Graphs aren't just for looking up single points of data. For example, when you have a curve expressing sales over time at different rankings, the area under the curve will give you the total sales occurring in that period of time. That's how I quickly estimated that Amazon is currently selling, or providing downloads of, 600,000 Kindle ebooks a week - by adding up stripes of area under the curve. What I've never done is use any mathematics software to find the function describing the curve of the moment and then used that function to make all sorts of definitive assertions about what is or will be. The curves are estimates, that's why engineers plot data points on graph paper. If all of the data points actually fall right on the line, something is suspicious, because the real world shouldn't line up that well with theory unless you are shooting cannon balls in a vacuum.
When I did my first graph of Amazon sales rankings back in 1998 or 1999, I used the area under the curve as a check to make up for the limited data points I had at the time. Since Amazon reported their total sales, and I could look at a large sample of books to estimate an average selling price, the total sales for the year (reported in their SEC filings) should come out around the same as the area under the curve multiplied by the average price. It seems to me I spent a good week working out that first curve, and back then, music was reported separately and use book sales didn't affect ranks.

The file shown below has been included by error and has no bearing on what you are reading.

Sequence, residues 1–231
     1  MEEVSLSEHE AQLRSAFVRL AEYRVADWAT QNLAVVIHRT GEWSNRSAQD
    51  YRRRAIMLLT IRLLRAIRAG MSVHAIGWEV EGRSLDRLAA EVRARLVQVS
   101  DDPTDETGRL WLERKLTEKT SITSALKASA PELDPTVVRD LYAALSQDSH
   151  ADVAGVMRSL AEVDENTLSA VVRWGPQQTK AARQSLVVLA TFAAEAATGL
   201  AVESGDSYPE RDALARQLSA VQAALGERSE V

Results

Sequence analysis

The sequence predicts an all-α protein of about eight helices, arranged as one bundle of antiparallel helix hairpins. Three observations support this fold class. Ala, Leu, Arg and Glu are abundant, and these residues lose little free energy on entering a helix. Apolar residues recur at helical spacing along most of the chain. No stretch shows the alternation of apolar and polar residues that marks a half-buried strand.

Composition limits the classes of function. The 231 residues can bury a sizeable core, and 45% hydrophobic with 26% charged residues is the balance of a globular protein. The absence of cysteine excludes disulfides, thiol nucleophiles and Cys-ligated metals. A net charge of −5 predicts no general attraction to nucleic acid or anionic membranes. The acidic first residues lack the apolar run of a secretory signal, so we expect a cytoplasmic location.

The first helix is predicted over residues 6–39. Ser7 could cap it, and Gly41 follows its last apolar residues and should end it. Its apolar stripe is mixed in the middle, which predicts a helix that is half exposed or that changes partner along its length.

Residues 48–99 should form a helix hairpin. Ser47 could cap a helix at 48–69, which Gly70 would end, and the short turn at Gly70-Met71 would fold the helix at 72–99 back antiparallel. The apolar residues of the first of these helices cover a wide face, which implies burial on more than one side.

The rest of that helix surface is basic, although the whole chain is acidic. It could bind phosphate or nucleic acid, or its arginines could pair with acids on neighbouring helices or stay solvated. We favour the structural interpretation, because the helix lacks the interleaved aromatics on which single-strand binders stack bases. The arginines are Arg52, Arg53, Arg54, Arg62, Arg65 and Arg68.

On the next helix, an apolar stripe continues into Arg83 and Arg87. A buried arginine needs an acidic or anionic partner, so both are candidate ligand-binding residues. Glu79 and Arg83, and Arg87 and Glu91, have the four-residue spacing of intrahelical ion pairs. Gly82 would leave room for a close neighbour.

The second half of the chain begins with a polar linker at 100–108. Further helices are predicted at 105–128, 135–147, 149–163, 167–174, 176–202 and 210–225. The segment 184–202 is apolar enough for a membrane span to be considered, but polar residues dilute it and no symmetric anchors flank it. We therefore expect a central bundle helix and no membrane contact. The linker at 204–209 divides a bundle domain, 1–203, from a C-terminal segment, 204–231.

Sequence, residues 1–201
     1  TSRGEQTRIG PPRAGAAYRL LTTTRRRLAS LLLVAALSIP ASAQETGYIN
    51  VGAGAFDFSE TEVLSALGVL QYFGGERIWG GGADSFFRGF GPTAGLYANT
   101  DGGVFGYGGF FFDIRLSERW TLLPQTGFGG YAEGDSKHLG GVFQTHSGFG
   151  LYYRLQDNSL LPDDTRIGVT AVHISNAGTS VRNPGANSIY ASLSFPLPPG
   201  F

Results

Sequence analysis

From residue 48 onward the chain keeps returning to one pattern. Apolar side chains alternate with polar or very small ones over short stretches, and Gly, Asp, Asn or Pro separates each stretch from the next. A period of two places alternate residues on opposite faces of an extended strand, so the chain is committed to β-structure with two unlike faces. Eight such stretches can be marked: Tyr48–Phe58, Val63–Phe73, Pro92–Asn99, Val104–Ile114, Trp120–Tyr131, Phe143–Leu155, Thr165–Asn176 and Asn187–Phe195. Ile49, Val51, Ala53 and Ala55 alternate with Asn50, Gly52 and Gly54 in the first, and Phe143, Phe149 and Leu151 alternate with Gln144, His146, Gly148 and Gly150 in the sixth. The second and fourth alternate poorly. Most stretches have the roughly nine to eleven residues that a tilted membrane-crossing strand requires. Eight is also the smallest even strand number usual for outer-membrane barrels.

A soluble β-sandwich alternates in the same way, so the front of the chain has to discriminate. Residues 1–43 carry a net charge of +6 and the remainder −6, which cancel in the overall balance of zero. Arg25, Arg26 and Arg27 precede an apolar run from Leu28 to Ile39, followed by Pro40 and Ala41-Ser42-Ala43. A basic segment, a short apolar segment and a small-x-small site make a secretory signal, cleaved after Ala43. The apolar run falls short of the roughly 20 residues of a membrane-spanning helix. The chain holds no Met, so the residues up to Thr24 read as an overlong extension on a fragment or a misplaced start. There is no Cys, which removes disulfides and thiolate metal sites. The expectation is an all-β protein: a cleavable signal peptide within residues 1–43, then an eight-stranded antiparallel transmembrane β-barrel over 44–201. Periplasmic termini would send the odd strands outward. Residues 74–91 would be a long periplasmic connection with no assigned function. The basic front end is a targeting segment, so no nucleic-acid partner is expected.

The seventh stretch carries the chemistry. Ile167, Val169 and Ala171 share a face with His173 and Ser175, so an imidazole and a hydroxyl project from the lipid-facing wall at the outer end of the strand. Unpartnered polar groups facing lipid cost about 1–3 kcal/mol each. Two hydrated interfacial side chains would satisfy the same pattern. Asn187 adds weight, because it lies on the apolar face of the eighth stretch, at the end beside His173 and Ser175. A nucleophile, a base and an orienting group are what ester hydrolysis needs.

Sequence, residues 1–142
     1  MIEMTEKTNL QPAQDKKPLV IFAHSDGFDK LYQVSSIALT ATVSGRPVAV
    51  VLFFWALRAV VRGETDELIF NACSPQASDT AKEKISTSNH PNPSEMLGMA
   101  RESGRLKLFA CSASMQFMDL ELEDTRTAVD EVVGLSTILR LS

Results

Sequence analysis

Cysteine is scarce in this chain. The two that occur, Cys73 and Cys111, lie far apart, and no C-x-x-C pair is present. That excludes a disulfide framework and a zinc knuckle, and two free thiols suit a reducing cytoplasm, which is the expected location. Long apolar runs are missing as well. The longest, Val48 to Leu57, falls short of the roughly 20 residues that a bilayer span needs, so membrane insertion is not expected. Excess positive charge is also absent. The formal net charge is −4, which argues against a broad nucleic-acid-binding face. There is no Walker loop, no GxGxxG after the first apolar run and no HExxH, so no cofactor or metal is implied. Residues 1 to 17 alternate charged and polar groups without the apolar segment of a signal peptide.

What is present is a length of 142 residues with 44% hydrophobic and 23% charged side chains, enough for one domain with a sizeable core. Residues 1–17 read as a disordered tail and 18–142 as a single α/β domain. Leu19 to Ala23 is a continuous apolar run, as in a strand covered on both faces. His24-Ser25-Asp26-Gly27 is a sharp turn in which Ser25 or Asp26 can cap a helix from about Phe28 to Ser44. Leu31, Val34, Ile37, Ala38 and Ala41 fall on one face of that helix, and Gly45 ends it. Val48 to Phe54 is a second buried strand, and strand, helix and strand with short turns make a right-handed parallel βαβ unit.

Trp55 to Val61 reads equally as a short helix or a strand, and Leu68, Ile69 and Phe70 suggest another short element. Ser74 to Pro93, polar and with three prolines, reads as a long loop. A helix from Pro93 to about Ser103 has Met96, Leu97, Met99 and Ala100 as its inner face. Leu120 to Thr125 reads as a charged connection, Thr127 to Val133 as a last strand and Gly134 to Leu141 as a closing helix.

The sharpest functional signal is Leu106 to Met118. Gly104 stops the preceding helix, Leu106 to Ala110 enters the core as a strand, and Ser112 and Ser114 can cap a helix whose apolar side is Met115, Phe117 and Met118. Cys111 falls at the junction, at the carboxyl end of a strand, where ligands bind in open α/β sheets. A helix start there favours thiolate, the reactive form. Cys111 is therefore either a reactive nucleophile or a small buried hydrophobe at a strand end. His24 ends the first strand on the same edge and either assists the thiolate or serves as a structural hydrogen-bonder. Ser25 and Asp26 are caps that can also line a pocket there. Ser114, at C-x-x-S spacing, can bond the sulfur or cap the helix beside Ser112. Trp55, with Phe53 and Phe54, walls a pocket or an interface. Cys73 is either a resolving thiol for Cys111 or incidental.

The kind of Amazon numbers I don't try to deal with are those that are derived from non-Amazon sources, like the number of Kindle ebook readers sold. I've read a half dozen estimates of Kindle device numbers, but I'm not linking any of them because they didn't give me any confidence that their methodologies (rumor or "insider information") were valid. Another widely misreported Kindle number is that Kindle eBooks sell for $9.99 or less. While Amazon has made every effort to make the top bestsellers available for $9.99, many of the Kindle eBooks being downloaded are priced well above that, as a browse through any of the category bestseller lists of professional books, etc, will show. Kindle eBook prices in the $20 to $40 are common and Kindle eBooks priced above $60 can be found.
If you're wondering what makes a publisher so interested in math, aside from the obvious business ramifications, once upon a time I was an engineer working with radio frequency technology. Below is a twenty year old snapshot of a prototype antenna I built out of plumbing supplies for an insulated antenna used for air/sea interface communications. The math was horrendous (see Hankel functions) and the data was, to say the least, wavy.